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Keeping New Year’s Resolutions

“It is never too late to be what you might have been.”
– George Eliot

Happy New Year! I hope that you and your family had a pleasant and relaxing holiday.

We are two weeks into 2023. For many people, that means they are two weeks into their New Year’s resolutions; for some people, that means they have already broken their resolutions.

My New Year’s resolution is to watch more television. I’m tired of people talking about shows and not knowing anything about them. I’m not very good at beginning to watch a tv series, and I’m even worse at staying with them. Seems like a valuable and achievable resolution.

The Babylonians started the resolution trend, and 4000 years later almost 40% of people set New Year’s resolutions. Of those who set a New Year’s resolution, 23% quit by January 7. Over half of resolution makers quit by the second Friday of January. In fact, Strava (a fitness app) has dubbed the second Friday of January as “Quitter’s Day”. That’s today! If you are still doing your resolution tomorrow, you are doing better than most people–well done! 43% of people expect to quit their resolution by February, and 65% actually do. A paltry 9% of people keep their resolutions.

There are many reasons why people do not keep their resolutions. Most resolutions have to do with being healthier (e.g. exercising more and eating healthier). The holiday season seems like a tough time to set such a resolution. It’s not uncommon for people to “live it up” through the holidays with the promise that on January 1 they will suddenly be healthier: that’s a promise that is destined to be broken.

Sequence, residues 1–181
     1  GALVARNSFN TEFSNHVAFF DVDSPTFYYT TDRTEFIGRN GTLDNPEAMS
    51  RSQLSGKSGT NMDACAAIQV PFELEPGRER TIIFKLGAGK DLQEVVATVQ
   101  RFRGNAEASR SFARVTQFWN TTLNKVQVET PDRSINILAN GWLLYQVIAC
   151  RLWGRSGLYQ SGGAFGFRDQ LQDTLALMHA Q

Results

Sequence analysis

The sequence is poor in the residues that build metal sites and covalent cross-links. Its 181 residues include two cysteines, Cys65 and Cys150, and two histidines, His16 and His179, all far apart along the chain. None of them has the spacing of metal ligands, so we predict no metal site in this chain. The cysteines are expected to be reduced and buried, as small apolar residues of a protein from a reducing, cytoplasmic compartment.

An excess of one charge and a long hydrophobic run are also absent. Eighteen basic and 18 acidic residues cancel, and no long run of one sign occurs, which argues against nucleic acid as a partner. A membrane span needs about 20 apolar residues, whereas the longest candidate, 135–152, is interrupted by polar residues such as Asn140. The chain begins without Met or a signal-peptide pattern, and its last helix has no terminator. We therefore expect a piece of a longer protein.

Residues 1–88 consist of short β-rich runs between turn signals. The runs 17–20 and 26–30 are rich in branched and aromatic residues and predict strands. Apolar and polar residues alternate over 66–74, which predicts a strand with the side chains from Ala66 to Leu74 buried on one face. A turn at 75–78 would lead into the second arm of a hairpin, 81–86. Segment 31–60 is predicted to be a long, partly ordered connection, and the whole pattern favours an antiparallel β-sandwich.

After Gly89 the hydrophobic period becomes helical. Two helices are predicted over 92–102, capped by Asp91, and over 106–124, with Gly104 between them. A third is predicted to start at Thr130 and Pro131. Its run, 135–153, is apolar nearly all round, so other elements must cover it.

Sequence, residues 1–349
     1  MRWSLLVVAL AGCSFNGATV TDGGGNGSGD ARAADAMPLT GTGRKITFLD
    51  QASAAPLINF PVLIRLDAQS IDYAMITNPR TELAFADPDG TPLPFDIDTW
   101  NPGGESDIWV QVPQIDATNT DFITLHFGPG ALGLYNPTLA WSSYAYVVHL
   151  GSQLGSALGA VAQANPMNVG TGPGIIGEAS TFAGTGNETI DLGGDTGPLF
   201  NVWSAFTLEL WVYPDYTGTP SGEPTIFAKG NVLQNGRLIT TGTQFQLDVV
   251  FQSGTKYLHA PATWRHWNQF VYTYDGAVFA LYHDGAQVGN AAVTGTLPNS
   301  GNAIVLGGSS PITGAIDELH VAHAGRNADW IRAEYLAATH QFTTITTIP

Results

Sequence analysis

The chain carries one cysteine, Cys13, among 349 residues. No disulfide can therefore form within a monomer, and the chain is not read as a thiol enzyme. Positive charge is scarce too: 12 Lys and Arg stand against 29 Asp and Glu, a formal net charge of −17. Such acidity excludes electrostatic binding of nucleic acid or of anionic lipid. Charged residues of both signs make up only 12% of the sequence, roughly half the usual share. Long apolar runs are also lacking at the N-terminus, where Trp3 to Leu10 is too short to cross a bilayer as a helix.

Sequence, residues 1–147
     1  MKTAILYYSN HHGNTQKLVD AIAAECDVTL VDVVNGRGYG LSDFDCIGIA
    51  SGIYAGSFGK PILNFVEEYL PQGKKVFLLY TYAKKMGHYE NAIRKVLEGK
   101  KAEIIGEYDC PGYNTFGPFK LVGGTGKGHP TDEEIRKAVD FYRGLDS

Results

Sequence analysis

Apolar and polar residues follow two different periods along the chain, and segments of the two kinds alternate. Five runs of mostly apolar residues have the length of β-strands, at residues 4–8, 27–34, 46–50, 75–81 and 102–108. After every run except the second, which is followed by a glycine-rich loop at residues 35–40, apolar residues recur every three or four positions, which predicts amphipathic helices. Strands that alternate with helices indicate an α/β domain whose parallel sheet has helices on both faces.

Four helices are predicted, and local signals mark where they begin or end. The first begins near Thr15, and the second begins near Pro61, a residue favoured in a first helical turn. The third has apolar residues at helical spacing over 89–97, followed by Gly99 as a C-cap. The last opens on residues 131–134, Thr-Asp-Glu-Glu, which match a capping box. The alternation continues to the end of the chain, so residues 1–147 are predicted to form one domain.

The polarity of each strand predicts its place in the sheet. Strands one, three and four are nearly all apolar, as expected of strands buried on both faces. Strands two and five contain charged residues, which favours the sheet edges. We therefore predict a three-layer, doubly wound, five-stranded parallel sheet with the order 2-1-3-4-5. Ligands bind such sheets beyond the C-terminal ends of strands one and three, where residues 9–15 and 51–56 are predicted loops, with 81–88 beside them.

Living healthier is definitely a worthy goal—a lot better than watching more tv. Even though New Year’s resolutions are not usually successful, there are many strategies that can help set and keep worthy goals.

The New York Times published the article How to Make (and Keep) a New Year’s Resolution, which provides guidance for successful resolutions. Interestingly, the key factors are the same as in academic goals: successful resolutions are specific, measurable, achievable, relevant, and time-bound.

National Public Radio (NPR) published a nifty planner for setting and keeping resolutions (Resolution Planner) with links to articles on how to successfully do pretty much anything you can think of.

There is debate about whether you should tell someone about your resolutions, or goals in general. Some research says that by telling someone, especially a mentor, you will feel held accountable and will be more likely to succeed. Other researchers have found that if you tell someone about a goal you might get praise for setting a goal, feel better, and then ditch the goal.

Resolutions are generally something that adults do, but I was curious about kids’ resolutions, so I asked around.

From MS/HS students:

  • “Wake up earlier”
  • “Study more”
  • “Read more”
  • “Workout”
  • “Diet”

From younger ES students:

  • “Give Dr. Fries a mohawk and a mullet”
  • “Have one day of just fun at school”
  • “Earn another stripe in jiu jitsu”
  • “Do gymnastics”
  • “Get a pool at school”
  • “Be a babysitter”
  • “Be the principal”
  • “My brother and sister will always listen to me”
  • “Never have to clean my room”
  • “Drive a motorcycle”

Whatever your goals are, I wish you success in achieving them.

I also wish you the very best for 2023!

“May all of your troubles last as long as your New Year’s resolutions”
– Joey Adams

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